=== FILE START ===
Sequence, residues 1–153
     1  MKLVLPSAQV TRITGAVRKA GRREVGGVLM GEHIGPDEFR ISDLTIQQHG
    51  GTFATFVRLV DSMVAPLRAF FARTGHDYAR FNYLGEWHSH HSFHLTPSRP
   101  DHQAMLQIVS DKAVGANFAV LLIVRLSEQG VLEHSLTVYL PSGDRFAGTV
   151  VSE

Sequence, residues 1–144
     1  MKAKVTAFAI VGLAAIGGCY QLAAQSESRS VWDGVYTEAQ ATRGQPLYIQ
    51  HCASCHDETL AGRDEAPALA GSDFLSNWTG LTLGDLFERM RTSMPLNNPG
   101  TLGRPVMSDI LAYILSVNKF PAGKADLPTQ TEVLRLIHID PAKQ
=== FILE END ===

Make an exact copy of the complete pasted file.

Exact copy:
Sequence, residues 1–153
     1  MKLVLPSAQV TRITGAVRKA GRREVGGVLM GEHIGPDEFR ISDLTIQQHG
    51  GTFATFVRLV DSMVAPLRAF FARTGHDYAR FNYLGEWHSH HSFHLTPSRP
   101  DHQAMLQIVS DKAVGANFAV LLIVRLSEQG VLEHSLTVYL PSGDRFAGTV
   151  VSE

Sequence, residues 1–144
     1  MKAKVTAFAI VGLAAIGGCY QLAAQSESRS VWDGVYTEAQ ATRGQPLYIQ
    51  HCASCHDETL AGRDEAPALA GSDFLSNWTG LTLGDLFERM RTSMPLNNPG
   101  TLGRPVMSDI LAYILSVNKF PAGKADLPTQ TEVLRLIHID PAKQ